Atrial Arrhythmia

Atrial arrhythmia, also called supraventricular arrhythmia, begins in the upper chambers of the heart and includes:

  • Atrial Fibrillation (sometimes called "afib"): A disorganized rhythm in the atria and the most common arrhythmia, affecting more than 4 million Americans. With atrial fibrillation, the heart's upper chambers beat irregularly, affecting blood flow to the heart muscle and to the rest of the body. This can cause blood clots which may lead to a stroke. Read more about atrial Fibrillation (link).
  • Atrial flutter: Similar to atrial fibrillation but has a more regular pattern.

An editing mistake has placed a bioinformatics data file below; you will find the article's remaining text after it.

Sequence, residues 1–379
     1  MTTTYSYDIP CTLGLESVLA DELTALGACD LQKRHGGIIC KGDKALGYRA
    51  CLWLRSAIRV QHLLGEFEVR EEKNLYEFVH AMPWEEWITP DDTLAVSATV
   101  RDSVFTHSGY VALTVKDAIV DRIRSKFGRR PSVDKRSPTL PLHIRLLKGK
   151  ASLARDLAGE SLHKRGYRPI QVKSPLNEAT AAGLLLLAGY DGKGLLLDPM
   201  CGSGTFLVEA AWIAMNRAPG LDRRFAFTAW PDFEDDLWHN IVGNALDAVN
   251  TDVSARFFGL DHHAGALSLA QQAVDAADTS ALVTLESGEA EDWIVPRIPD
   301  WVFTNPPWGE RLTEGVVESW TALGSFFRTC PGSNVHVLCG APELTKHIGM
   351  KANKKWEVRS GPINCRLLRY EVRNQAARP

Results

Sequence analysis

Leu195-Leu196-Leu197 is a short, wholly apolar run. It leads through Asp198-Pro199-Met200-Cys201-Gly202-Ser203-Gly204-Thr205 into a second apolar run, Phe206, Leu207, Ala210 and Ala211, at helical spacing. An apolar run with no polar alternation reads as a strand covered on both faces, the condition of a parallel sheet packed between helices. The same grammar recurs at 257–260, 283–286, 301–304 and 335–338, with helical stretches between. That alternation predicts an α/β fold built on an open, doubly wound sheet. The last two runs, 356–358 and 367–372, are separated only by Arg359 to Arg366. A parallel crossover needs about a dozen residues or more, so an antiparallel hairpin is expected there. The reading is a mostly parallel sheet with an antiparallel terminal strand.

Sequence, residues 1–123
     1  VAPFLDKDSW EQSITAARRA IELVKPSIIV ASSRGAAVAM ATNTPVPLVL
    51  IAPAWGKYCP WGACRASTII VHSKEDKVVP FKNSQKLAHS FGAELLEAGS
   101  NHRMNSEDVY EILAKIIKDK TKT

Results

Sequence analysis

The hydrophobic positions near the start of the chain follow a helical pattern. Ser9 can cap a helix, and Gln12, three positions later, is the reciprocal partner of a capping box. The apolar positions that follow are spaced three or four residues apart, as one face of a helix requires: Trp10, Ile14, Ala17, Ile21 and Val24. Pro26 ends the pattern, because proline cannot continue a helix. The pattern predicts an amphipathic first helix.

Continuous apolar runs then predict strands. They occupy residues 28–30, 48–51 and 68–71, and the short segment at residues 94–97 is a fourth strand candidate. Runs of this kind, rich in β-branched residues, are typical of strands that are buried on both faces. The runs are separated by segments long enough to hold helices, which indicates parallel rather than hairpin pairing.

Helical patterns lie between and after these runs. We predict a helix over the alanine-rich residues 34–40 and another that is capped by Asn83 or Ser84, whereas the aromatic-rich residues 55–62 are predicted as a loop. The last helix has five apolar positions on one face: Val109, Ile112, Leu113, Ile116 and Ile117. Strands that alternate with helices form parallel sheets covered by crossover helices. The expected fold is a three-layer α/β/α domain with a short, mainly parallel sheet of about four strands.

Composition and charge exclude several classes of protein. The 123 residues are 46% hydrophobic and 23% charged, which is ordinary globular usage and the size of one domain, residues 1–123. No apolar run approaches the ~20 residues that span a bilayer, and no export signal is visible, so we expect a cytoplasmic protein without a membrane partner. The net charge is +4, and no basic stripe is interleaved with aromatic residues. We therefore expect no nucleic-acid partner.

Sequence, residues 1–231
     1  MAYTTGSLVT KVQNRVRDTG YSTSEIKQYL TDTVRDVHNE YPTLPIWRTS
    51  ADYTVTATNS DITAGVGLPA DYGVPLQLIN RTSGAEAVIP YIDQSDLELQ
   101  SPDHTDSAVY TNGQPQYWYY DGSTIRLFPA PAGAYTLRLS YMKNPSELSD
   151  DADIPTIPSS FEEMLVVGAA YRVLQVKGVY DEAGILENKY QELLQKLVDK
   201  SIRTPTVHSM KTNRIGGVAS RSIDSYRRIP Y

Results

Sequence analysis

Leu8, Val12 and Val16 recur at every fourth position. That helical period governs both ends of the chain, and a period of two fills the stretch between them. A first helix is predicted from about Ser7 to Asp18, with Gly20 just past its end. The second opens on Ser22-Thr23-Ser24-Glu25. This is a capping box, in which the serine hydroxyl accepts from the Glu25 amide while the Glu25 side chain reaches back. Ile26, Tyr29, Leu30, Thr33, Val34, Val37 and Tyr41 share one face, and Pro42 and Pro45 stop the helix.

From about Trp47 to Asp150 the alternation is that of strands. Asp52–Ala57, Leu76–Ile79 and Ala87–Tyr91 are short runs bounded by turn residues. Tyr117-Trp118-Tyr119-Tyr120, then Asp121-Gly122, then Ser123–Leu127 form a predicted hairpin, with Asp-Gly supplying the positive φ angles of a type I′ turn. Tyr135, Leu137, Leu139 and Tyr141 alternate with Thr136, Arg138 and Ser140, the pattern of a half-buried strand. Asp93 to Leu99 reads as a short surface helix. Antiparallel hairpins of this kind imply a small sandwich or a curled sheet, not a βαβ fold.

• Sick sinus syndrome: The heart’s pacemaker doesn’t fire properly, slowing the heart rate down.
  • Sinus tachycardia: The heart rate speeds up due to fast electrical signals from the sinus node.
  • Sinus bradycardia: The electrical signals in the sinus node are either blocked or slow down.

Abnormal electrical impulses in the upper chambers of the heart cause atrial arrhythmia. People with atrial arrhythmias often feel tired and sluggish, and may experience a flutter in their chest or throat.

Make an Appointment

The Arrhythmia Program at the University of Michigan has been a national and international leader in the treatment of arrhythmias for more than 30 years. To schedule an appointment to discuss your heart arrhythmia or other cardiovascular condition, call us at 888-287-1082, email us at CVCCallCtr@med.umich.edu. Visit our Make an Appointment page for more information about what to expect when you call us.